The Week in Sleep News: April 14, 2023

How a new machine model might help health care professionals screen for sleep disorders and the surprising link between sleep and your gut.

Two people sitting up in bed reading newspapers. Text reads: Sleep News, Week of April 14, 2023

This week in sleep news…

Machine model predicts sleep disorders from patient records

A new study reveals that a machine learning model can predict a patient’s risk for a sleep disorder using demographic data, lifestyle data, physical exam results, and laboratory values. In the study, published in the journal PLOS ONE, researchers used the machine learning model XGBoost to analyze publicly available data from 7,929 patients in the U.S. who completed the National Health and Nutrition Examination Survey, 2,302 of whom had a diagnosis of a sleep disorder. When comparing the model’s data, researchers found that a machine learning model could predict the risk of sleep disorder diagnosis with strong accuracy. The scientists hope these findings could be an effective first step in screening patients for sleep disorder risk.

Experts warn against bed-sharing with infants

The city of Fort Worth, Texas, has seen a very concerning uptick in infant deaths in the past year from bed-sharing accidents, and officials are now urgently advising parents against sleeping in the same bed. In their press release, Cook Children’s Medical Center shared, “Cook Children’s Medical Center has seen 30 infant deaths linked to unsafe sleep situations since January 2022, more than the number of fatal gunshot wounds and drownings combined.” Due to the rise of deaths from unsafe sleep, the hospital is now ramping up their efforts to inform parents about the dangers of practicing unsafe sleep and trying to work with parents who give pushback, due to bed-sharing being a generational habit. “An infant can get wedged between the headboard and mattress, suffocate under blankets, or come under the adult’s body if they’re sleeping together,” Candle Johnson, APRN, CPNP-PC, at Cook Children’s Renaissance Neighborhood Clinic in south Fort Worth, said. While bed-sharing is dangerous and ill-advised, co-sleeping, defined as the act of sleeping near your child, with each sleeper in an age-appropriate safe sleep setup, is recommended by the American Academy of Pediatrics, which writes, “AAP recommends that parents sleep in the same room — but not in the same bed as a baby, preferably for at least the first six months.”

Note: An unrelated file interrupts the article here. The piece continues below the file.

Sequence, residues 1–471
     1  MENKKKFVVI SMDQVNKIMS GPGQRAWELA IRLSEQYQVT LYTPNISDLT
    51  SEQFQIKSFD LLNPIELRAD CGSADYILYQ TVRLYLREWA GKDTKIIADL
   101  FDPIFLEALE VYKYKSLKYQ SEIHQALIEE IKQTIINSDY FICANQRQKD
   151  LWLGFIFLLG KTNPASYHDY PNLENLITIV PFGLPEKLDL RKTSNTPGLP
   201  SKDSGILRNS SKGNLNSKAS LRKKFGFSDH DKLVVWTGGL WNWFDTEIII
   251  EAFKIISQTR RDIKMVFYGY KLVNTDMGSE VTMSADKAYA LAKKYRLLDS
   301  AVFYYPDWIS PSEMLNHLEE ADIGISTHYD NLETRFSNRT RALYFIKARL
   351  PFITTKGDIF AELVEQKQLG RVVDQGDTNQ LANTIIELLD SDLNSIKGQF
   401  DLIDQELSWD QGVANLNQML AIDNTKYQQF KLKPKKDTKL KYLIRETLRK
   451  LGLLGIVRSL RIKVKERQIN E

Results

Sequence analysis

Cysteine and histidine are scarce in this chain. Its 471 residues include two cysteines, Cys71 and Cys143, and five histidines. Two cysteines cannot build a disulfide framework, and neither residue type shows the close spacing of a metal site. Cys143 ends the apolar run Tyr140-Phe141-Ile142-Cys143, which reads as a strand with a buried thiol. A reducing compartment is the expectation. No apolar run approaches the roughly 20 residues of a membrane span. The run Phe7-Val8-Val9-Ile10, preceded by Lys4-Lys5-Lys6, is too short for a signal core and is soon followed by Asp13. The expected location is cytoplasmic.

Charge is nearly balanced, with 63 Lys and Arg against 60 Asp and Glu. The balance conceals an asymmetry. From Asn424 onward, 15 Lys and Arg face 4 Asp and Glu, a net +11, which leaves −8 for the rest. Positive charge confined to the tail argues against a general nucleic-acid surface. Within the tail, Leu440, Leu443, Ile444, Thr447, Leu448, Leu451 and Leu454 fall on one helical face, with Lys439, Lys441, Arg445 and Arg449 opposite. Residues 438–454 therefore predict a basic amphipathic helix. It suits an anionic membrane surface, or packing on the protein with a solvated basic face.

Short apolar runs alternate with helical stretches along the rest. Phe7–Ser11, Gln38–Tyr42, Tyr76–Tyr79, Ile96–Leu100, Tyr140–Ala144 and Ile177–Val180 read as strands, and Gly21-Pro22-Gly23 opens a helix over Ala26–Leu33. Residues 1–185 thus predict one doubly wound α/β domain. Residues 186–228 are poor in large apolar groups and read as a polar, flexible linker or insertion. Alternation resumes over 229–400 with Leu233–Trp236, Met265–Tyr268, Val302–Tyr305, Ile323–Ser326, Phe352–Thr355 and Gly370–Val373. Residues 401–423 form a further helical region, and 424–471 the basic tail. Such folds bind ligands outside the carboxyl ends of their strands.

More protein can improve your sleep quality

Sleep is one of the most essential roles of the human body, and yet scientists still don’t fully understand how sleep works. However, researchers are diving into the explanation behind sleep every day. In particular, while exploring how the brain disconnects from the environment during sleep, a new study published in Cell has discovered that preventing oxidation in the gut could counteract the effects of sleep loss. Neurobiologist Dragana Rogulja explained that the CCHa1 molecule produced by the gut when you consume a lot of protein buffers the dopaminergic neurons (the neurons that are responsible for dopamine) against vibrations, allowing the brain to ignore the environment to a greater degree and sleep more deeply. This study implies that dietary choices impact sleep quality; however, more research needs to be done to explore this connection in humans.

In sleep-centric social media...

Air New Zealand announced bunk beds onboard their wide-body planes starting in September 2024. The bunk beds will be the first ever introduced to an airplane and will be available on long-haul and ultra-long-haul journeys.

Two men dressed in dress shirts and tie on a plane. Text reads: Air New Zealand: "Can we turn out beds into bunk bed?"
TikTok // @washingtonpost